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Liver disease: NHS Doctor talks about link with alcohol

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Alcohol-related liver disease, or ARLD for short, describes a condition fuelled by excess alcohol intake. There are three main stages of this condition that range in severity and symptoms. One sign that can ring alarm bells occurs when you go for number two.

Although ARLD is usually picked up only during a test for another diagnosis, how many benadryl to take while pregnant the condition can present with some symptoms.

According to Monika Wassermann, Medical Director at Olio Lusso, blood in your stools could be an indication of this condition.

She said: “Consuming excess alcohol can result in tearing of some liver tissues which are secreted as bloody traces in your stool.

“Excessive drinking over time impairs normal functioning and structure of the liver.

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“Alcohol can cause liver damage weakening the blood vessels especially the veins in the gut tract.

“This weakens, inflames the blood vessels and makes them extra sensitive, heightening the risk of internal bleeding characterised by blood in your poop or stool.

“Liver failure can also contribute to bloody stools.”

Another sign which is linked to bloody poo is vomiting blood, according to the NHS.

Apart from these symptoms, the health service also lists other warning signs of ARLD.

Symptoms associated with alcohol-related liver disease include:

  • Feeling sick
  • Weight loss
  • Loss of appetite
  • Yellowing of the eyes and skin (jaundice)
  • Swelling in the ankles and tummy
  • Confusion or drowsiness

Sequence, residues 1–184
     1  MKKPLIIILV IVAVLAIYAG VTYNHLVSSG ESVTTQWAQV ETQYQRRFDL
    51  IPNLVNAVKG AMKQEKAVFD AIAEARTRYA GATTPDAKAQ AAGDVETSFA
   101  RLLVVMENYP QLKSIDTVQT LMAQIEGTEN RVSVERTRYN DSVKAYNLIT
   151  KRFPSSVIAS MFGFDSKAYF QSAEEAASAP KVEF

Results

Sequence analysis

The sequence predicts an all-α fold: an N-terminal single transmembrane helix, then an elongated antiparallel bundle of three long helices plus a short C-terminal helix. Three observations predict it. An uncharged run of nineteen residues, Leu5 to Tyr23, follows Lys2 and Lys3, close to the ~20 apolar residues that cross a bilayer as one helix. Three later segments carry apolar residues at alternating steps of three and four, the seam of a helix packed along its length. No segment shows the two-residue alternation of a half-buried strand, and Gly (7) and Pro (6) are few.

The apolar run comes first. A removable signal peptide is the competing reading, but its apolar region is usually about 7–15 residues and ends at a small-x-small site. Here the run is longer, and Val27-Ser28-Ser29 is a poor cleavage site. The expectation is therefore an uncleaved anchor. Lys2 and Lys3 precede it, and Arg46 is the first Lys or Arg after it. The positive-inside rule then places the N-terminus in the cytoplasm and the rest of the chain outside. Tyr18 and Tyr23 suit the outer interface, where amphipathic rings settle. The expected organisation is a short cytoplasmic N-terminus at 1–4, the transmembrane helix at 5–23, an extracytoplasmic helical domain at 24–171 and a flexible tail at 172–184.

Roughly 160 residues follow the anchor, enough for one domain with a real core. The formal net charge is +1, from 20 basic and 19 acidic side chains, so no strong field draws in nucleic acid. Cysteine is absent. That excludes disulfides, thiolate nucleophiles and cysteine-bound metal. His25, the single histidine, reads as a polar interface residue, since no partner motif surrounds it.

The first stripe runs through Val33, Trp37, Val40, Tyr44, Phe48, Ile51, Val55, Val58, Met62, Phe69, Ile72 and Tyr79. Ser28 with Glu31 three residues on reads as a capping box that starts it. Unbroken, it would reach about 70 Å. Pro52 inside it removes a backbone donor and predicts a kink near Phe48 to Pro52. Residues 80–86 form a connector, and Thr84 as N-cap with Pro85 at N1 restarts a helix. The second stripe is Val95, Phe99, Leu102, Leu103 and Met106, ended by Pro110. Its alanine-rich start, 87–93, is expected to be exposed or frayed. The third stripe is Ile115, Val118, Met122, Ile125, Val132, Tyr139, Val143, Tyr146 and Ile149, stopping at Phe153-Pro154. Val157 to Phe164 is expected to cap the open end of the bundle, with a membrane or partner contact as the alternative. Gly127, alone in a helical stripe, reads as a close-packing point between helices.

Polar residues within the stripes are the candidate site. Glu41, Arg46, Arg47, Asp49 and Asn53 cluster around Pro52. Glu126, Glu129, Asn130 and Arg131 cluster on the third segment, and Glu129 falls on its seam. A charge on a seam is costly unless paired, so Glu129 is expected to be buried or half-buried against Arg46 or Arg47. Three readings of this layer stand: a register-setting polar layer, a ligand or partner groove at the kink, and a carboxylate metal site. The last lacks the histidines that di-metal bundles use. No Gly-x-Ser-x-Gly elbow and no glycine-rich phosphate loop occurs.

• Vomiting blood or passing blood in your stools.

The NHS advises to “tell your GP” if you regularly drink alcoholic drinks in excess, so they can check the organ.

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How does alcohol-related liver disease occur

Liver is one of the most complex organs in your body able to filter toxins, regulate cholesterol and blood sugar, aid digestion and help fight infections.

Each time your liver has to filter alcohol, some of its cells die. However, it can develop new ones.

Although the “resilient” organ is able to regenerate itself, excess drinking can lower this ability.

“This can result in serious and permanent damage to your liver,” the NHS notes.

Alcohol-related liver disease is very common in the UK, with the number of sufferers increasing over the last few decades.

How to prevent alcohol-related liver disease

As the condition is triggered by alcohol, the most “effective” way to prevent it is to stop drinking.

However, sticking to recommended guidelines for drinking could also help, the NHS notes.

Men and women are advised not to regularly drink more than 14 units of alcohol a week.

And drinking should be spread over three days or more if you drink as much as 14 units.

“Even if you have been a heavy drinker for many years, reducing or stopping your alcohol intake will have important short- and long-term benefits for your liver and overall health,” the NHS adds.

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